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I've dug myself into quite a hole here.

I'm working on a Python/Kivy app in PyDev.

The app runs off of many systems (about 10), so I shoved them into an engine to handle everything.

For ease of access, I grab the engine via (the worst) singletons
from code import engine

class MyApp(App):
    def build(self):

if __name__ == '__main__':
from code import system1
from code import system2

gEngineInstance = None
def GetInstance():
    global gEngineInstance
    if (gEngineInstance == None):
        gEngineInstance = Engine()
    return gEngineInstance

class Engine():
    mSystem1 = None
    mSystem2 = None

    def Initialize(self):
        self.mSystem1 = system1.System1()
        self.mSystem2 = system2.System2()
    # Omitted

Unfortunatley, this resulted in some nasty circular dependencies.

Main has to create engine, and know about it, which runs engines imports, which runs the system imports. Problem: Systems imports then import engine, circular reference.
from code import engine

class System1():
    def SomeMethod(self):

You get the picture. I bypassed this for now with this hideous code all over the place:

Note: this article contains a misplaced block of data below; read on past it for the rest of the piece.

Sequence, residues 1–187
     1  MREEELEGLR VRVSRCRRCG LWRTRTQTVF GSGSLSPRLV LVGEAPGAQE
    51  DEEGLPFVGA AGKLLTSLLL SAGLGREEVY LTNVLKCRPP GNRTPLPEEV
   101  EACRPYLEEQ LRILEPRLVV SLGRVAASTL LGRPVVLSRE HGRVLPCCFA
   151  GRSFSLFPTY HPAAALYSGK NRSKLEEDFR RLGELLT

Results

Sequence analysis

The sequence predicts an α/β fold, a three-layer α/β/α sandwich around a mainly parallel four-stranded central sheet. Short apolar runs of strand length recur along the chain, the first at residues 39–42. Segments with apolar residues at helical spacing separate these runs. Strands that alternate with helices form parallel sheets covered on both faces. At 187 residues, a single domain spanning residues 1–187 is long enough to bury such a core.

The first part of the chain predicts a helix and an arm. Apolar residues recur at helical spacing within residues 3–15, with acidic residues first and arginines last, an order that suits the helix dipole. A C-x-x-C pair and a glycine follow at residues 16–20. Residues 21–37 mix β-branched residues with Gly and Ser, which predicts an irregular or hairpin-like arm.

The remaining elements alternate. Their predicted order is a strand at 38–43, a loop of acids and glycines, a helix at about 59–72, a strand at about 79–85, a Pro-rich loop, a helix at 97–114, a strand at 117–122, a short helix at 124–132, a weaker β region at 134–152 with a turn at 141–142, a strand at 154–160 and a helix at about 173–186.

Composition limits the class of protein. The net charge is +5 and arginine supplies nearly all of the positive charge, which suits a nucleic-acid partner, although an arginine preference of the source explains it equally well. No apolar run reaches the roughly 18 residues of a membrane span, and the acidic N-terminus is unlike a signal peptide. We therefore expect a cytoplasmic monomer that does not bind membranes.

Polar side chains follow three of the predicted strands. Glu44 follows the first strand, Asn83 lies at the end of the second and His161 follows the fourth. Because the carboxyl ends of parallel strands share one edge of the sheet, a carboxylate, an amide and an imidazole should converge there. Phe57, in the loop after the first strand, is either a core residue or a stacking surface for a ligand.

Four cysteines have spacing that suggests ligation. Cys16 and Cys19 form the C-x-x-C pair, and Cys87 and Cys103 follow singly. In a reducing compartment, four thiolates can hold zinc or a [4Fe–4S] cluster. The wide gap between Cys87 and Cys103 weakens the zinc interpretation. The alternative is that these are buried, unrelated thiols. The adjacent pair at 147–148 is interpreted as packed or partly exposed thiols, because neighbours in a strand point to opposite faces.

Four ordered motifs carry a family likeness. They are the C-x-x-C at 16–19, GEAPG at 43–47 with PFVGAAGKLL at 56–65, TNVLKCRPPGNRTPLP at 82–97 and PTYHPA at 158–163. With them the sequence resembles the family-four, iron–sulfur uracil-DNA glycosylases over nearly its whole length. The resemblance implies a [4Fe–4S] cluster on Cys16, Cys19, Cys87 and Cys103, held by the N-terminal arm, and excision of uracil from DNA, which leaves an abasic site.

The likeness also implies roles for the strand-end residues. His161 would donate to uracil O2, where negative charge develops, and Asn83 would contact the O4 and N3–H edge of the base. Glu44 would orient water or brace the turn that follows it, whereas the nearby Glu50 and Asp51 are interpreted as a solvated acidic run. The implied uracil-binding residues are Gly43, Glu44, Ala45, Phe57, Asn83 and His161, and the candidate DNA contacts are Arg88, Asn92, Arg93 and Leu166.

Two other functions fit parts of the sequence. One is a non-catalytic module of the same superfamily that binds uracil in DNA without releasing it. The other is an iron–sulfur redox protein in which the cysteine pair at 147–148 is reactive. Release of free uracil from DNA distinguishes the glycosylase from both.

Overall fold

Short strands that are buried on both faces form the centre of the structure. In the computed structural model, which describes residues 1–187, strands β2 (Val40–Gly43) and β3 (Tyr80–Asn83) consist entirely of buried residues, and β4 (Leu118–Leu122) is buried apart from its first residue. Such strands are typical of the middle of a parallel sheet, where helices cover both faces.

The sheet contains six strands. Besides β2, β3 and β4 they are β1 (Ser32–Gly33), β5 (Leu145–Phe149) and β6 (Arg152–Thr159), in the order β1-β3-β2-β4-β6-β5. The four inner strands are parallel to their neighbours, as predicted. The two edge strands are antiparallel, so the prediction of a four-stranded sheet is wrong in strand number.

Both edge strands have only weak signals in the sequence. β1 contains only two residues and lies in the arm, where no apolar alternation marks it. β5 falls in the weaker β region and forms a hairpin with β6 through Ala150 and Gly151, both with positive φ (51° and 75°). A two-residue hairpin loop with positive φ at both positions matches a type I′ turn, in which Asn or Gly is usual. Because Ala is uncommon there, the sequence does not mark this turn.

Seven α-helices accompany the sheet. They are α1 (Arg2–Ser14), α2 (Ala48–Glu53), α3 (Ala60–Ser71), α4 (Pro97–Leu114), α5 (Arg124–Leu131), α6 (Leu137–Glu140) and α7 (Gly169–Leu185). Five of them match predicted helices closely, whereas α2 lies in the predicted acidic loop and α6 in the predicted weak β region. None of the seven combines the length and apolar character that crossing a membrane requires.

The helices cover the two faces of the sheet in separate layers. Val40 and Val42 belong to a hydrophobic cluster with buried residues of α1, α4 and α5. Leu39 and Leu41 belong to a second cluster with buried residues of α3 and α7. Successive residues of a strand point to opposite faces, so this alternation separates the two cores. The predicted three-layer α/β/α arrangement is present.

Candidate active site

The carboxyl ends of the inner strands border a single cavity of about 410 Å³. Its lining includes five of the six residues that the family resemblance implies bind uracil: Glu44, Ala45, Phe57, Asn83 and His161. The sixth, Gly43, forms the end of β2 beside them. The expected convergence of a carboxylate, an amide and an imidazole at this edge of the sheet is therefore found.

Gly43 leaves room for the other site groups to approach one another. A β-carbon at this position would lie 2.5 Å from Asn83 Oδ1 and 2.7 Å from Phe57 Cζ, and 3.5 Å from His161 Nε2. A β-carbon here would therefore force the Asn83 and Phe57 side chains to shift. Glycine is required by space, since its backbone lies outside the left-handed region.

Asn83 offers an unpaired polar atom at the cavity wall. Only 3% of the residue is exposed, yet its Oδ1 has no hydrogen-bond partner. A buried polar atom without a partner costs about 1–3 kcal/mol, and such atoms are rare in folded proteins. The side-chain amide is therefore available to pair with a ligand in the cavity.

class System1():
    def SomeMethod(self):
        from code import engine

This stops the import from happening until that line, which is fine, but it looks wrong, eveyrthing feels like i'm doing things wrong.

I'm tempted to just pass Engine as a reference to every systems constructor, but thats a bit of refactoring, and i'd like to know if there's a more decent way to fix this sort of singleton/circular reference issue for the future.

share|improve this question
up vote 2 down vote accepted

How about having a "registration" mechanism, where each system module "registers" itself with the Engine class using some module-level code:

class Engine():
    def register(cls, type):

from engine import Engine

class System1():


That way, the Engine doesn't directly have to know what gets plugged into it.

share|improve this answer
This is... an interesting idea. Some things about these dynamic languages is hard to work with for me, but sometimes, not having a strict type is a pretty handy tool. I'll give this a shot, thanks! – MintyAnt Mar 5 '13 at 5:40

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